Anti-Inflammatory Light Therapy for Dogs

by Victoria Lee Blackstone
    Light therapy treats inflammation associated with hip dysplasia, a condition common in German shepherds.

    Light therapy treats inflammation associated with hip dysplasia, a condition common in German shepherds.

    Jupiterimages/ Images

    Light therapy, also known as photo or laser therapy, directs red or infrared light waves on specific areas of pain, inflammation, wound or other injury. This method of treatment involves no medications and has no known side effects. Your veterinarian may recommend office visits for light therapy or teach you how to do treatments with a home light-therapy unit.

    Shine a Light on Inflammation and Pain

    Light therapy uses multiple light waves to target areas of inflammation and pain. When targeting inflammation, light therapy delivers photons or electromagnetic energy to the inflamed tissue or cells. These photons suppress the enzymes that create swelling, edema and inflammation while boosting the release of anti-inflammatory enzymes. At the same time, light therapy increases the production of natural endorphins to reduce the pain that often accompanies inflammation. Treatments vary based on the level and location of the inflammation, as well as on a dog’s size.

    Common Conditions Light Therapy Treats

    Light therapy can treat conditions other than just inflammation, such as open wounds, surgical incisions and skin trauma. When it comes to treating inflammation, common conditions include anal gland inflammation, gingivitis, lick granulomas, bladder inflammation, sinusitis, arthritis, hip dysplasia, degenerative joint disease and intervertebral disc disease.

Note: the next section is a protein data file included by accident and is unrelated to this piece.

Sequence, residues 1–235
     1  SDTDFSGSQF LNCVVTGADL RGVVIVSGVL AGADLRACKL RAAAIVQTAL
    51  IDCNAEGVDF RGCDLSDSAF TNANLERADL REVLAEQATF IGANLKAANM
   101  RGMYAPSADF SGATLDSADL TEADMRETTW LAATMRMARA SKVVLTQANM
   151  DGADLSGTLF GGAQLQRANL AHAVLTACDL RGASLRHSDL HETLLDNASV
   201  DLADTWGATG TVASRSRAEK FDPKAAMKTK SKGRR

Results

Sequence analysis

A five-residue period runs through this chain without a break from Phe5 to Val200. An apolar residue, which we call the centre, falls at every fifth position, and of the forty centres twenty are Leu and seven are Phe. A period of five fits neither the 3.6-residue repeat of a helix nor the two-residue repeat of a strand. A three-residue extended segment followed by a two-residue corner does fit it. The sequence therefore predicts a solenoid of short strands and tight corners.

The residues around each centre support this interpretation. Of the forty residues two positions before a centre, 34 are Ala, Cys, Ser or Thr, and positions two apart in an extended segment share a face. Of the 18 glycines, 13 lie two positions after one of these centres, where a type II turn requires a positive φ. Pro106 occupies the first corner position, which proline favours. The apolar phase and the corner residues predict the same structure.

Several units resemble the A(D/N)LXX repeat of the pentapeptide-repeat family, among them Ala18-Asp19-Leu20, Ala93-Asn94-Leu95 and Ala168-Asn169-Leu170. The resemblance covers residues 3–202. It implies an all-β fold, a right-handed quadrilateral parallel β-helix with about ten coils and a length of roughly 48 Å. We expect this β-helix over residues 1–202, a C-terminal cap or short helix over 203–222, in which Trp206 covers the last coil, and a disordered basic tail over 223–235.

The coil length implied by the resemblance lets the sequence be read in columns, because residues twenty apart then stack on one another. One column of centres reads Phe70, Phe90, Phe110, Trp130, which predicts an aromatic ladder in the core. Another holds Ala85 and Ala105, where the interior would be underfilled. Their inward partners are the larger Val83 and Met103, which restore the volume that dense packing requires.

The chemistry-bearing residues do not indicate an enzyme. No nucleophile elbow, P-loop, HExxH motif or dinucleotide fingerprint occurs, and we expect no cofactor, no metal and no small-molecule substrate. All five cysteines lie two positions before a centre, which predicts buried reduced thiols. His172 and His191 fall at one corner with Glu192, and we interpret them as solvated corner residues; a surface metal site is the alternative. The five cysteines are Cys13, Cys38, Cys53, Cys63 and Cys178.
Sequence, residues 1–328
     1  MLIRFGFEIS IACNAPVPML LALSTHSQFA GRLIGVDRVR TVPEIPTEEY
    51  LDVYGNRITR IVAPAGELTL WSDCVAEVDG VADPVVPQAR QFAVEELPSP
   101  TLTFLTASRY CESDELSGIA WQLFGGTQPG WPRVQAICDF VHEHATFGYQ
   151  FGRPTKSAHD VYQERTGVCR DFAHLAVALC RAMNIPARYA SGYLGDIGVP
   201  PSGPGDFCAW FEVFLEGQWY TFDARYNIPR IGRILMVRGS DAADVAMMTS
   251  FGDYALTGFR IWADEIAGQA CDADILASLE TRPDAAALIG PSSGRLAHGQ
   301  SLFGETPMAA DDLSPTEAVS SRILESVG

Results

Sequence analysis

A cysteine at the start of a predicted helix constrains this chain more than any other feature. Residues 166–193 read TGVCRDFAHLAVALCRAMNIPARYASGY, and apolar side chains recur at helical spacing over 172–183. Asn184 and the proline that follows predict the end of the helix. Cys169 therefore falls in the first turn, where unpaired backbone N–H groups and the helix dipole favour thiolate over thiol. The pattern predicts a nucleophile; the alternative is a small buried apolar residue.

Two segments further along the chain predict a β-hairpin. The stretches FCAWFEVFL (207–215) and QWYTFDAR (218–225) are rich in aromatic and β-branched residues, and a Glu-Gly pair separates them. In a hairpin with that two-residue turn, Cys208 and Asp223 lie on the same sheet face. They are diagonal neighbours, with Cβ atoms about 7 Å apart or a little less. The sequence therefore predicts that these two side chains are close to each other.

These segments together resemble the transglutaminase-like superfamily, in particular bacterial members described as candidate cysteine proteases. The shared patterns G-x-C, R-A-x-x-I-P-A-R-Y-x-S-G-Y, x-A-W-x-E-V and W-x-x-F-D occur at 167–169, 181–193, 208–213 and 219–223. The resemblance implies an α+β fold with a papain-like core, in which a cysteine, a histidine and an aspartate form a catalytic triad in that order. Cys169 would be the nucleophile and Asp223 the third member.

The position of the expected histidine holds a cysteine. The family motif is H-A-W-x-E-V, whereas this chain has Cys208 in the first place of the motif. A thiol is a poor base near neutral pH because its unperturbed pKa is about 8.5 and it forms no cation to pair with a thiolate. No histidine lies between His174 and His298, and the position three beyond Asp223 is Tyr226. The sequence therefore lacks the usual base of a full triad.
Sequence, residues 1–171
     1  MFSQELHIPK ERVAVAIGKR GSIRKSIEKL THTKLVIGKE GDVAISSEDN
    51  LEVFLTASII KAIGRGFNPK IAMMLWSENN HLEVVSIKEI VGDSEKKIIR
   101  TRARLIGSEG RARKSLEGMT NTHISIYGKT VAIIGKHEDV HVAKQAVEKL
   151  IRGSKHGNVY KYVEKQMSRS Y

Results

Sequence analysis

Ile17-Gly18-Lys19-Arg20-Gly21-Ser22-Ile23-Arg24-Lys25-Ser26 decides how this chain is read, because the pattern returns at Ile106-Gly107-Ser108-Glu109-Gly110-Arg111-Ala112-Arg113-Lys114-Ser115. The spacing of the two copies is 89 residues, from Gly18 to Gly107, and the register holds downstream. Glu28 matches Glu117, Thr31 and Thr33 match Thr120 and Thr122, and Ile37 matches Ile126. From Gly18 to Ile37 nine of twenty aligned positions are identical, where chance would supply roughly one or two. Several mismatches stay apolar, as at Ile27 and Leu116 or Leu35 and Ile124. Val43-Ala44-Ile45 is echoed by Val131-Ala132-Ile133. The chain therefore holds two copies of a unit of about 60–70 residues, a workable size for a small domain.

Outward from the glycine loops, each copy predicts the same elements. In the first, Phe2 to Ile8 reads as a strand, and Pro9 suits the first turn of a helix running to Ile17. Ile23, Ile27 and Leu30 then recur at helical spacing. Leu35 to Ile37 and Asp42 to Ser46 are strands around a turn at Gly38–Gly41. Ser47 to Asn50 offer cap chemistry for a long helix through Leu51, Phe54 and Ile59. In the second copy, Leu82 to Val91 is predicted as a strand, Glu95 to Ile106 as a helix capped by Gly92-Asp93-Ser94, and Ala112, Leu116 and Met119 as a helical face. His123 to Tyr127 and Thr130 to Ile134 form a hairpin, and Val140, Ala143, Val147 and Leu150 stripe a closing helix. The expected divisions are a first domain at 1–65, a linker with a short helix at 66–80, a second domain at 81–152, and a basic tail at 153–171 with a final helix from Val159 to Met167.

Benefits of Light Therapy

    Unlike anti-inflammatory medications that can cause side effects, light therapy achieves many of the same goals with no risks of side effects. Your dog does not require sedation for a light therapy treatment, and many dogs actually enjoy the procedure. Unlike surgical procedures, light therapy does not require hair removal.

    Treating a Condition With Light Therapy

    A light therapy treatment may last just three minutes or up to 20 minutes. Wavelength frequency depends on the location and the extent of the inflammation. At first, your dog may require multiple treatments a day or throughout the week, with a gradual decrease in treatments over the period of a few weeks. Chronic conditions, such as arthritis, may require regular light therapy treatments.

    Photo Credits

    • Jupiterimages/ Images

    About the Author

    Victoria Lee Blackstone is a horticulturist who propagates heirloom and native plants for her nursery. She has authored research-based scientific/technical papers, plant care sheets and magazine and newspaper articles. Blackstone studied botany and microbiology at Clemson University and is a former University of Georgia Extension Master Gardener Coordinator.

    Trending Dog Behavior Articles

    Have a question? Get an answer from a Vet now!